While it was a given that this week’s Apple event would unveil the ‘s’ versions of the brand’s iPhone 6 range, the launch of an iPad aimed at enterprise and professional users didn’t seem quite as set in stone before the announcement.
Despite this, Twitter saw ‘iPad’ tweeted 170,307 and ‘iPad Pro’ tweeted 57,852 during the announcement. So even though it may not have been the most hyped launch before Apple’s event, it certainly gained a lot of interest after its unveiling.
How does the iPad Pro differ from the other tablets in Apple’s range?
The iPad Pro is the largest in its family yet with a 12.9-inch screen, which features 5.6 million pixels – more than the 15-inch MacBook Pro with Retina Display.
As well as a few more speakers and an updated Bluetooth keyboard, the iPad Pro boasts 10 hours of battery life, the new A9X chip (which doubles memory bandwidth and storage performance), and the graphics performance is 360 times better than the original iPad.
That’s all great, but what does it mean for business users and professionals?
For a start, it’s faster than 90 per cent of the portable PCs that have shipped in the last 12 months, according to Apple’s Senior VP Phil Schiller.
“The iPad Pro is far and away the fastest iOS device we have ever made – its A9X chip beats most portable PCs in both CPU and graphics tasks, but is thin and light enough to hold all day,” Schiller.
“The innovative Apple Pencil and new Smart Keyboard enable users to customise their iPad Pro experience to the particular apps they use and the work they do, making iPad Pro ideal for everything from professional productivity to advanced 3D design.”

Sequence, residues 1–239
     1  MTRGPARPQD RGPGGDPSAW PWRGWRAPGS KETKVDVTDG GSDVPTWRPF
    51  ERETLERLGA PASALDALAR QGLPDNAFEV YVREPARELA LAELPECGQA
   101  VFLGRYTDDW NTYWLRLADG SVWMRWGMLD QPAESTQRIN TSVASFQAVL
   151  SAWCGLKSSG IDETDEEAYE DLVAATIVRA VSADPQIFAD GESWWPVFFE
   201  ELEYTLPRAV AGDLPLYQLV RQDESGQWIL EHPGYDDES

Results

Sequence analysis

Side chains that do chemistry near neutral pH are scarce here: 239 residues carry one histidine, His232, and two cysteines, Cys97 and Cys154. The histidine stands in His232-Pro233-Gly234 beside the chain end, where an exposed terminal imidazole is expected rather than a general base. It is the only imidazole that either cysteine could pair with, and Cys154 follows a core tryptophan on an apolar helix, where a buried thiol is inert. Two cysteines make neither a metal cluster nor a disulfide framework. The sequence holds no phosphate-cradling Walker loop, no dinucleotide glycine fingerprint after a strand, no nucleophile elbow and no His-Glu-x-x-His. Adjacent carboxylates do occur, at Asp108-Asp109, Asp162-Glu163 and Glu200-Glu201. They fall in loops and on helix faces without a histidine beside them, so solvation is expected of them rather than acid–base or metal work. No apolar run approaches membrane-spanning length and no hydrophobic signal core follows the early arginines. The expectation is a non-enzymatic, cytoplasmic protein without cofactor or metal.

The Apple Pencil is designed specifically for use with the iPad Pro. It aims make drawing and sketching feel ‘remarkably fluid and natural’.
The touch subsystem of the multi-touch display in iPad Pro has been redesigned to work with Apple Pencil to reduce latency and deliver accuracy for activities like fine art illustration and detailed 3D design.
Advanced sensors in Apple Pencil measure both pressure and tilt for a ‘fast and fluid’ drawing experience.
Couple all this with iOS 9, which boasts new multitasking features designed specifically for iPad. Slide Over lets you simultaneously work in a second app without leaving the one you’re in and easily switch between your apps. Split View allows you to view and interact with two apps at the same time, side by side, and resize your view to prioritise one app over another. Picture-in-Picture lets you continue a video or FaceTime call while using other apps.
These are all things that are sure to annoy Samsung and Microsoft who have revelled in the past at the fact that users can’t run apps side-by-side.
With many businesses already preferring to use iPhones for their employees over the likes of Android and Blackberry, the iPad Pro seems to be making a pretty good case for itself in an enterprise setting.